Bankruptcies across the North America oil and gas industry are likely to grow over the next two years unless there is a significant increase in the price of US crude oil, according to analysts.

In the year to date, 32 exploration and production (E&P) firms in the region have filed for Chapter 11 protection, while a further 25 applications have been made by oilfield services companies, according to data from law firm Haynes & Boone.

US operators have been hit particularly hard by the low-price environment and reduced spending budgets that have upended the industry as a result of coronavirus, which is forecast to wipe more than eight million barrels per day (bpd) from global oil demand this year.


Producers in North America need WTI oil prices above $40 per barrel to avoid bankruptcies

Research group Rystad Energy estimates that, if West Texas Intermediate (WTI) remains priced at its current level of around $40 per barrel, there will be a further 29 bankruptcy filings across the sector by the end of 2020, accounting for around $26bn of debt.

The US crude benchmark crashed into negative-pricing territory for the first time on record in April, amid storage-space concerns at the height of the pandemic-triggered market crisis.

It has since made gains to settle at just above $40 per barrel in recent months, but remains far from the $60-per-barrel mark at which it started the year, and a financially-unsustainable level for many producers operating on tight margins.

“While an improvement in oil prices towards $40 per barrel WTI saved a significant number of E&Ps, and prevented early Chapter 11 filings in June and July, the current price environment is in no way sufficient for a large number of E&Ps in the medium term,” said Rystad’s head of shale research Artem Abramov.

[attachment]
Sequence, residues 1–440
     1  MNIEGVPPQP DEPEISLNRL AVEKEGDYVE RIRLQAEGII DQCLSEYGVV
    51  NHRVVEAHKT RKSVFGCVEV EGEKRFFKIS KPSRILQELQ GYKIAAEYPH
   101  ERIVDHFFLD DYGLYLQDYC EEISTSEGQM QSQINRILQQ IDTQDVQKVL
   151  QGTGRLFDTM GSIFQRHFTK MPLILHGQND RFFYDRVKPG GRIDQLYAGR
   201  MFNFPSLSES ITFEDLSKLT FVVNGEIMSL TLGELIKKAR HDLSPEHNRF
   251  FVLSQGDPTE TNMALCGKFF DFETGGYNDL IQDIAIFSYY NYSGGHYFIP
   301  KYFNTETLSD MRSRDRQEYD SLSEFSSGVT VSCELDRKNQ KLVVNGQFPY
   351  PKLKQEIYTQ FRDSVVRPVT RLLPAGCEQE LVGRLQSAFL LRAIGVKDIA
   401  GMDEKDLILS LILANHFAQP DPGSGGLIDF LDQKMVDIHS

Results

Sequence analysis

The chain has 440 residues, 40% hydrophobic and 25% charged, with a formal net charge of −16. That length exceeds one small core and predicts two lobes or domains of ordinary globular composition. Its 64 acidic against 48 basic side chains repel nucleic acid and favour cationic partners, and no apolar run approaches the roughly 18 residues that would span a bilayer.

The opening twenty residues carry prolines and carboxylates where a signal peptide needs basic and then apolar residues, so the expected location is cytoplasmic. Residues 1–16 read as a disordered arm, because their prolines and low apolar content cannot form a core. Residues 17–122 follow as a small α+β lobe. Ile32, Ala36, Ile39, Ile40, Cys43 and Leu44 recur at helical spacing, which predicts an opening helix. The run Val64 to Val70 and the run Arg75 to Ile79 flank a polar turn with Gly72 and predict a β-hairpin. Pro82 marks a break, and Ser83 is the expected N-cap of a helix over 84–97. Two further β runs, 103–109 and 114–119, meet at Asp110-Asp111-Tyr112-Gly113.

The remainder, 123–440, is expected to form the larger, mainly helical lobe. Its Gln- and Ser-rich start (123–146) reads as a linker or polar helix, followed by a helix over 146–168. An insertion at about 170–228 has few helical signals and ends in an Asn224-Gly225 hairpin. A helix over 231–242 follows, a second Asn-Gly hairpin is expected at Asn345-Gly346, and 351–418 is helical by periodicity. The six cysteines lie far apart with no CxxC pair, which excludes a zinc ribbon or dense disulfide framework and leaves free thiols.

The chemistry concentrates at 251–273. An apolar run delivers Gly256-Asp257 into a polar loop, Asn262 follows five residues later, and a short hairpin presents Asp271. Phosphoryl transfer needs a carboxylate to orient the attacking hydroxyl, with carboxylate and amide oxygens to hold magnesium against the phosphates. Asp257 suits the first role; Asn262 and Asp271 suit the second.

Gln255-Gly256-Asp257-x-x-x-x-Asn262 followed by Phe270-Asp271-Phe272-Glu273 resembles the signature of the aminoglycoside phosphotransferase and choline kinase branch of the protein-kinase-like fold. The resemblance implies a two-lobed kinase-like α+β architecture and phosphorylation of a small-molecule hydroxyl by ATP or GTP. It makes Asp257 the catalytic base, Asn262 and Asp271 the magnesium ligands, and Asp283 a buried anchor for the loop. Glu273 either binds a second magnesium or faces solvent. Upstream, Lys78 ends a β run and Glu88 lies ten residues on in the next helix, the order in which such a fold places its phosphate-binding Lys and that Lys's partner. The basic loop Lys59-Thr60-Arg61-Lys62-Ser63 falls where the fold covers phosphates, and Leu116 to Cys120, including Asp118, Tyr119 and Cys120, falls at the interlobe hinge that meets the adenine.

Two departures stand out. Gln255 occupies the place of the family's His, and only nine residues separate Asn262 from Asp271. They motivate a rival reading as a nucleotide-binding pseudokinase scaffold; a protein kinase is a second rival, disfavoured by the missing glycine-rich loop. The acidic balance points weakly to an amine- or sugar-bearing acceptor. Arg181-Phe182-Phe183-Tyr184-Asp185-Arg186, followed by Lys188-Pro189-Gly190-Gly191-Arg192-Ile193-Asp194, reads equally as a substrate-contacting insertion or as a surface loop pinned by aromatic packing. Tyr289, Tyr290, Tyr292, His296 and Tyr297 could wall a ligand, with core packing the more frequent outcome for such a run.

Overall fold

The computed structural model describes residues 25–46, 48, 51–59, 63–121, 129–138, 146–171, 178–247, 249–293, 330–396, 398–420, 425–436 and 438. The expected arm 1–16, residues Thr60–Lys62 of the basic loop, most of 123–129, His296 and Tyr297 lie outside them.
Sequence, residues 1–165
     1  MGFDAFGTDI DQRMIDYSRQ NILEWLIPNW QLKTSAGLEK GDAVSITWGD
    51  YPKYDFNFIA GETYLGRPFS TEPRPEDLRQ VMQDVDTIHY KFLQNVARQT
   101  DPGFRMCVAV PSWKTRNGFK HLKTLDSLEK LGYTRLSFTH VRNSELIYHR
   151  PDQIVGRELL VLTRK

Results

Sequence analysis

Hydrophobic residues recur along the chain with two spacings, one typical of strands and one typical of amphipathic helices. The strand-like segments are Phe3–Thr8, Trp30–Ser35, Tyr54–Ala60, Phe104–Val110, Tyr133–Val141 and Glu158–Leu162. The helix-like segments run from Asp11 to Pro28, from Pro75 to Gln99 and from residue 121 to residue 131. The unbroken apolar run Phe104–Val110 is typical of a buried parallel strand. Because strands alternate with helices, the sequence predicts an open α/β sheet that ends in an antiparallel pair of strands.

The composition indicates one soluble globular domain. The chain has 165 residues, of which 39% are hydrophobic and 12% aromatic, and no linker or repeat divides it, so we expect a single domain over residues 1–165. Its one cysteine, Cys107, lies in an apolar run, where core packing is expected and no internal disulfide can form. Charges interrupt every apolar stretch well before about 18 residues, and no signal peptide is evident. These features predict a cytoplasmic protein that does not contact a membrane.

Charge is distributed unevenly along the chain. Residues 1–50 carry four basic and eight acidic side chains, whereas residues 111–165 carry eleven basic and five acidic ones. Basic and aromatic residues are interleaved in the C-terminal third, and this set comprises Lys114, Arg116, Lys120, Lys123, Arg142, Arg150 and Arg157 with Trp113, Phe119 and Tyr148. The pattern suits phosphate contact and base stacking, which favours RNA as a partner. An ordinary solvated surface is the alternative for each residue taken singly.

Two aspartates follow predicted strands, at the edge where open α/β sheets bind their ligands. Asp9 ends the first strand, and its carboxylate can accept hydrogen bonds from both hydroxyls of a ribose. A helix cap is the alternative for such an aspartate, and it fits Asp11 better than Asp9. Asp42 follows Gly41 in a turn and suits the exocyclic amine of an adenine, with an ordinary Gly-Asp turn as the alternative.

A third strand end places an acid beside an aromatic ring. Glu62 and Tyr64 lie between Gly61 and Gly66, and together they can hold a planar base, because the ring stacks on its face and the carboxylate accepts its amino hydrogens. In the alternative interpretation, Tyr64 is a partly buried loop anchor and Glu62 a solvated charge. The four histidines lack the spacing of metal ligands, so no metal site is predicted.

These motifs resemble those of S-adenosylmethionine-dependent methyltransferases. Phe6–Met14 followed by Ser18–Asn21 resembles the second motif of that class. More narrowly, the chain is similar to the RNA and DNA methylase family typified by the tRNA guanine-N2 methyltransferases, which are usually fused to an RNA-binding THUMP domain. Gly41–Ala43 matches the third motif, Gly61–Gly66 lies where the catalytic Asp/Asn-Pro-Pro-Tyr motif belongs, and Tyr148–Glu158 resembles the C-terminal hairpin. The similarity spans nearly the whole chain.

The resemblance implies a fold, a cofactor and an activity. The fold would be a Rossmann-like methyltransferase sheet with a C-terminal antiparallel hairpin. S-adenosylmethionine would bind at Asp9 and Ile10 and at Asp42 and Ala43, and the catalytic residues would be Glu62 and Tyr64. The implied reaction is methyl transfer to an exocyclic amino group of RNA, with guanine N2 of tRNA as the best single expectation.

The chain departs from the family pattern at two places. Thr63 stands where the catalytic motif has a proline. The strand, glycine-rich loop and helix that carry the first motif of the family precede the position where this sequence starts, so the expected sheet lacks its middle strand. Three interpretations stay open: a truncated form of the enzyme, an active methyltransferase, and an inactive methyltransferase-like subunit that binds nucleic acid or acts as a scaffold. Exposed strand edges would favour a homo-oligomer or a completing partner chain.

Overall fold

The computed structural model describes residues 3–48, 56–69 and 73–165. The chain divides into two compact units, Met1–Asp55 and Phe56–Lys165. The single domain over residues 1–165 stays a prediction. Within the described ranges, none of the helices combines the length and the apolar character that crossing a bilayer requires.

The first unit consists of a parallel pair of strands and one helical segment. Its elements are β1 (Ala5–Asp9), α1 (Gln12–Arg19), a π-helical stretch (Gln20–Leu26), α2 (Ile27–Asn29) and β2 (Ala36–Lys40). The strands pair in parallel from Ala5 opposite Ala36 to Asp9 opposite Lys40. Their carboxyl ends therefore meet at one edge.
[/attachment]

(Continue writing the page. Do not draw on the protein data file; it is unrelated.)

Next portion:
“As hedging programmes set at $50+ per barrel expire in the second half of this year, we anticipate greater financial pressure on the industry unless WTI prices recover further.”

In its most recent outlook, the US Energy Information Administration (EIA) projects the price of WTI to remain around $40 for the remainder of this year, before climbing towards $50 per barrel by the end of 2021.

Huge uncertainty remains, however, about the recovery of oil markets from the Covid-19 pandemic, with the shape of any rebound linked closely to how quickly countries can get the virus under control, avoid a second wave, and significantly ease the lockdowns that have taken a huge bite out of global energy demand.

If WTI does not recover quickly, and Rystad’s estimates become a reality, it would mean almost 190 bankruptcies across the North American oil and gas sector between 2020 and 2022, reflecting an estimated debt level of around $168bn.

That compares to 207 Chapter 11 filings in the five-year period of 2015 to 2019 – which includes the previous market crash of 2016 – totalling $122bn of recorded debt.

In recent months, some of the more recognisable names to apply for bankruptcy status include Chesapeake Energy, Whiting Petroleum and Extraction Oil & Gas.